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“It’s difficult to articulate in words how I design anything I build,” Sutton adds. “It’s based on tidbits of designs I’ve seen, or the process of how I’ve built certain things in the past. When Rose asked me to design it as it would be integrated into the town as an art piece, I tried to keep it fairly basic — so Lee of Fluke Craft could put her wonderful art on it — but also make it accessible and sturdy enough to withstand the weather.”

All of the materials and time required to create, approve, and install the cupboard were generously donated to the project. One of the ideas behind the community cupboard was to ensure that people have access to personal care items at any time of the day or night, even if they aren’t receiving social services.

“Struggling to find a secure home or pay the rent or put food on the table sometimes means there is no money left for personal care items such as feminine hygiene products or toothpaste,” Royl explains. “For over five years, The Rose Project has been providing personal care products both directly to individuals struggling in our community, as well as to many social services agencies and schools.”

“It was through this involvement that Rose identified the need to provide a way for discreet 24/7 access. As a result, we have created our personal care cupboard. We want to provide discreet access, anytime, to feminine hygiene products, soap, toilet paper, or even a warm winter hat or gloves when and where these products are needed. This little cupboard provides an anonymous way to get a little help when a person might be most vulnerable and alone.”

A detail of the artwork by Lee Higginson of Fuke Craft on a side panel of The Rose Project's personal care community cupboard in Port Hope. The rose symbolizes both The Rose Project and the concept of giving back to the community. (Photo courtesy of Lee Higginson)
A detail of the artwork by Lee Higginson of Fuke Craft on a side panel of The Rose Project’s personal care community cupboard in Port Hope. The rose symbolizes both The Rose Project and the concept of giving back to the community. (Photo courtesy of Lee Higginson)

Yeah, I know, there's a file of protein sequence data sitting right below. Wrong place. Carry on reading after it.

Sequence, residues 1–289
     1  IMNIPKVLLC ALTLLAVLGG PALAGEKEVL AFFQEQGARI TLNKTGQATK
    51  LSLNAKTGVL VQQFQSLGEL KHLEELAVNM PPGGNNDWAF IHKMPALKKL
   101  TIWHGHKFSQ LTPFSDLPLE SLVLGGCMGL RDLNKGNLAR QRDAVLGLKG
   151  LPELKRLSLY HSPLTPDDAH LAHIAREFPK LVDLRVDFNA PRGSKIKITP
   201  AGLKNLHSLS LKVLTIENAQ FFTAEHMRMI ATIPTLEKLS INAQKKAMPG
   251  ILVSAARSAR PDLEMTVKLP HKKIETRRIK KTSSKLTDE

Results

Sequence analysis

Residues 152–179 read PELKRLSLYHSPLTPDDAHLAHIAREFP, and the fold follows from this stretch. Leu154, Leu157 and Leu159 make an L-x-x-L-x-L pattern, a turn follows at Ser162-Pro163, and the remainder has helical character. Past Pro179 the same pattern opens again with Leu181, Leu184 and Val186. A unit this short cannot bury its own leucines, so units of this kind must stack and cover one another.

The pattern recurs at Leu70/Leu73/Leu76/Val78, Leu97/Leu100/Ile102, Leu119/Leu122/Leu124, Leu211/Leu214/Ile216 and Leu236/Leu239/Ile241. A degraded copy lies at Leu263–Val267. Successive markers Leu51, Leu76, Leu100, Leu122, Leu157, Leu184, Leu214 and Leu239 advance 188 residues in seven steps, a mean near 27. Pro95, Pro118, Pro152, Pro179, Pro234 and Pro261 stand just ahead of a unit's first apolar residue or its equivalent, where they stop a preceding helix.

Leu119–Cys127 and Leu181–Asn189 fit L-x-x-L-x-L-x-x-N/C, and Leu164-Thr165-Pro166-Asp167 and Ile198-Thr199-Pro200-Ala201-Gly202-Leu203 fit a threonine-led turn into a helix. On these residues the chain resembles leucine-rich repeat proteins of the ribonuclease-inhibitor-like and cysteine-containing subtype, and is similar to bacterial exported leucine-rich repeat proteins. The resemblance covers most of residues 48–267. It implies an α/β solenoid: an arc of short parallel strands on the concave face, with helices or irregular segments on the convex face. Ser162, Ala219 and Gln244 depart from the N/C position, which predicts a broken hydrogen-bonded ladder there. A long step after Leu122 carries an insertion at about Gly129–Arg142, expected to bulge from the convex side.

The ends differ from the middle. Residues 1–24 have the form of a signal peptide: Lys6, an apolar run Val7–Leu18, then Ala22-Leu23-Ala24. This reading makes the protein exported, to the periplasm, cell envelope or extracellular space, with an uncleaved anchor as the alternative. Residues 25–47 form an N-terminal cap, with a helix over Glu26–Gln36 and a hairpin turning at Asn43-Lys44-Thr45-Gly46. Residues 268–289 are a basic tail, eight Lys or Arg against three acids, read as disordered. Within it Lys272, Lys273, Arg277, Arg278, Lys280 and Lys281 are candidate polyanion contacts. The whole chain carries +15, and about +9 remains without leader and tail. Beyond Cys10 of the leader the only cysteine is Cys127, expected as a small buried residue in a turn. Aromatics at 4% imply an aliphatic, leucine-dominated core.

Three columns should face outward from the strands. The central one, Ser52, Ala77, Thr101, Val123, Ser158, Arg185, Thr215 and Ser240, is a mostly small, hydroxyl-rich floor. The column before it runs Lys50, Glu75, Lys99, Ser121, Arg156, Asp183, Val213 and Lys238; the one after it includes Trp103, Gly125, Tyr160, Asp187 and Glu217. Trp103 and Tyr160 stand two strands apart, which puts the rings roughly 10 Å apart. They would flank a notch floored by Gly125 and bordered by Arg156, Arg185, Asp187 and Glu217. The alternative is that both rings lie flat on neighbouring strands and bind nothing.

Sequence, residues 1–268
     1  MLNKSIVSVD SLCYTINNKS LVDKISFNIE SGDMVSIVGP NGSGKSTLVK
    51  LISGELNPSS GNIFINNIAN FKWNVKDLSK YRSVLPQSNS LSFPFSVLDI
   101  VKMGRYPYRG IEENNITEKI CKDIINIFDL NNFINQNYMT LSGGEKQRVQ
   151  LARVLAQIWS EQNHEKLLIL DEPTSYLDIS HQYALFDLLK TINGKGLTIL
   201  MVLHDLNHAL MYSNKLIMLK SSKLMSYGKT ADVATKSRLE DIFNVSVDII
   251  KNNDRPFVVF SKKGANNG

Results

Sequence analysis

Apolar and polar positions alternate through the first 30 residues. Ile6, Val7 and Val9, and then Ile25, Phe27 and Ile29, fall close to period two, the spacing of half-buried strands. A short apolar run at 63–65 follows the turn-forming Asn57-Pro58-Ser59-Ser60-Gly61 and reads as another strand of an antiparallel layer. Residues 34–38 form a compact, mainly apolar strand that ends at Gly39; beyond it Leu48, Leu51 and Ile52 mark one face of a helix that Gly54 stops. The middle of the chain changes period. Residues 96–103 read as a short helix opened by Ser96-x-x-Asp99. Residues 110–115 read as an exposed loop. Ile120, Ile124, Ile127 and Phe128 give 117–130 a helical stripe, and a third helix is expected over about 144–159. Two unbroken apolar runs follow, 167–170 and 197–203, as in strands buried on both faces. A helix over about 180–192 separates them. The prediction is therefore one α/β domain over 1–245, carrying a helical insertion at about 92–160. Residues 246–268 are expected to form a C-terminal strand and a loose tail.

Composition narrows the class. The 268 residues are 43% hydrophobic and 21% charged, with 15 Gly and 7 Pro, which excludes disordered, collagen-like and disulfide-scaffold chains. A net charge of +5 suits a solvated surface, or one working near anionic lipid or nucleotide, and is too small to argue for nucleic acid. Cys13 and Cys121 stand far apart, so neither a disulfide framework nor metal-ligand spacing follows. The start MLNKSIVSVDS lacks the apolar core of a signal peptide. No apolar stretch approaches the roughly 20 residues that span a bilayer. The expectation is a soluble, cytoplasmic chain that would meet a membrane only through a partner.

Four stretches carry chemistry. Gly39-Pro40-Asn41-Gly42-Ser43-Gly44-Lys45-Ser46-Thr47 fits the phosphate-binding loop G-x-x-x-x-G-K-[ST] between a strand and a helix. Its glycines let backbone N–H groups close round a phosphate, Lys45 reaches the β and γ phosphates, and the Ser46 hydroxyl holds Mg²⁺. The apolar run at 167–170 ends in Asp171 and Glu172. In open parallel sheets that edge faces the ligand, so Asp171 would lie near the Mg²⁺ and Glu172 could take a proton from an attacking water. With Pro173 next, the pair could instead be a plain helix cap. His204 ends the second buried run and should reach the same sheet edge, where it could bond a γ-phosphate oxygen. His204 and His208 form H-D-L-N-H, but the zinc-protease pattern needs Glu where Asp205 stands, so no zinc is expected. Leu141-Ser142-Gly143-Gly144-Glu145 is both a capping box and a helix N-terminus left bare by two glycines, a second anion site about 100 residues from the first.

While the cupboard does accept donations, it is important to note that it is not a donation box or drop-off point. Instead, it will be restocked by The Rose Project directly.

“For health, safety, and dignity purposes I am asking people to donate through me so that I may put items into the cupboard,” Wilton explains. “People wishing to donate can email or they can drop off items at Sugar Dust Bakery in downtown Port Hope, which has generously been a drop-off place for us for a few years now. I have so far found that winter gloves and feminine hygiene products have gone very quickly, so we could always use more of those to put in the cupboard.”

The cupboard will always aim to provide local folks in need with personal items such as toothpaste, toothbrushes, soap, and feminine hygiene products. When there is a need for hats and gloves during the winter months or shampoo and body wash during the warmer months, these items will also be available.

The Town of Port Hope has twice awarded The Rose Project with a civic award for community service for the work that they do. The project is run by volunteers and relies on donations of items rather than cash. Community members can reach out to Wilton at theroseproject14@gmail.com to find out how to get more involved.

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According to Wilton, the most important goal that the community cupboard is that it enables The Rose Project to reach even more people in need in the community than ever before.

“While there are a lot of people who we can see who need help, there are also a lot of invisible people who are in need as well,” she points out. “Because the cupboard is located on the local bus route, people are able to stop off quickly and grab what they need.”

“Because it’s accessible in such a great location, it allows more people to get what they need at any time of the day or night. They don’t have to schedule around work or when they can get a ride, or to be available the one day and time that a social service is open. Now they can access supplies when it is convenient for them.”

You can find The Rose Project online at theroseproject14.wixsite.com/ontario. To donate to the community cupboard, email Rose Wilton at theroseproject14@gmail.com or drop off your donated items at Sugar Dust Bakery at 74 Walton Street in downtown Port Hope.